What happens to the regular version of Color Finale after installing Pro?

Downloading and installing Color Finale Pro adds a new instance of the Color Finale Pro plugin in your FCPX plugins toolset next to the regular Color Finale (this insures compatibility with projects where you used the original Color Finale filter).

Color Finale Pro is installed as a new instance of the plugin


Once Color Finale Pro has been installed, download the latest version of Tangent Mapper. The Mapper has been updated and is now offering a HUD that is optimized for users of the entry-level Tangent Ripple colorist control surface.


The Tangent mapper HUD Display. See it in action in this Insight on using the Tangent Ripple with Premiere Pro


How do you connect the Tangent Mapper to Color Finale Pro?

The first time you launch the mapper there’s no sign of Color Finale Pro. The default FCPX mode is not the one we’re interested in (like Patrick, I find it buggy and hard to use with the Ripple).


Inside the Tangent Mapper there’s no sign of Color Finale Pro. What did we do wrong?


In order to use Color Finale Pro with the Mapper we’ve got some setup work to do:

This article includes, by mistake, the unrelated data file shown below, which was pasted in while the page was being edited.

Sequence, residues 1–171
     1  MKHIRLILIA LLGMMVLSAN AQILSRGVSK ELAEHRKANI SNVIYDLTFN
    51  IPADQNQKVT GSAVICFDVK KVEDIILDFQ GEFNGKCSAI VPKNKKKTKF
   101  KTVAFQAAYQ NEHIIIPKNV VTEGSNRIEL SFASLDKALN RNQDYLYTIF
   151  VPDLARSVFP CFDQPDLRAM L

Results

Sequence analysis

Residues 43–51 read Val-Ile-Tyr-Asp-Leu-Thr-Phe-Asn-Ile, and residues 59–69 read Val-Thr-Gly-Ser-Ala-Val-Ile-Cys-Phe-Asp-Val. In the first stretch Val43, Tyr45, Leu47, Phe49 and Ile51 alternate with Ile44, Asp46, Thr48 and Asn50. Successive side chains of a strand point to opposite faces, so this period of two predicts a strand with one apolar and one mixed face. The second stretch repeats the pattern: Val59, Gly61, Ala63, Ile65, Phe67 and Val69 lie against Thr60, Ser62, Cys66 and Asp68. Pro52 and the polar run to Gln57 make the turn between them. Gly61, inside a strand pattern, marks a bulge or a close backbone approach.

• Launch a project in FCPX
  • Apply the Color Finale Pro plugin on a clip
  • Click ‘Open Controls’ in the filters interface

If you’ve previously used Color Finale then you recognize its floating window interface.

After applying Color Finale to a clip, click the ‘Open Controls’ button from the effects stack.
Color Finale Pro shares the same interface than Color Finale in a floating window, but you’ll notice a few new buttons
Color Finale Pro launches into the same floating window interface as Color Finale—but you’ll notice a few new buttons


Switching back to the mapper—with the Color Finale Pro floating window open—a new mode has suddenly appeared called ‘Color Finale for FCPX’. That’s the one we want—but a word of caution…

Back in the Tangent Mapper, a new ‘Application’ has appeared in our list—that’s what we’re looking for! Caution: I suggest you pay attention the ‘Auto-select’ option


Beware the ‘Auto-select Application’ option in the Tangent Mapper

A word of caution here: I suggest you uncheck the option ‘Auto-select Application’ in the Mapper. Why? By default, when clicking your mouse in the FCPX interface (outside of the Color Finale Pro floating window) the Tangent Mapper auto-switches to ‘Final Cut Pro’ with ‘auto-select’ enabled—but this doesn’t work in reverse. You always have to go back in the Mapper and change it back to Color Finale Pro, manually.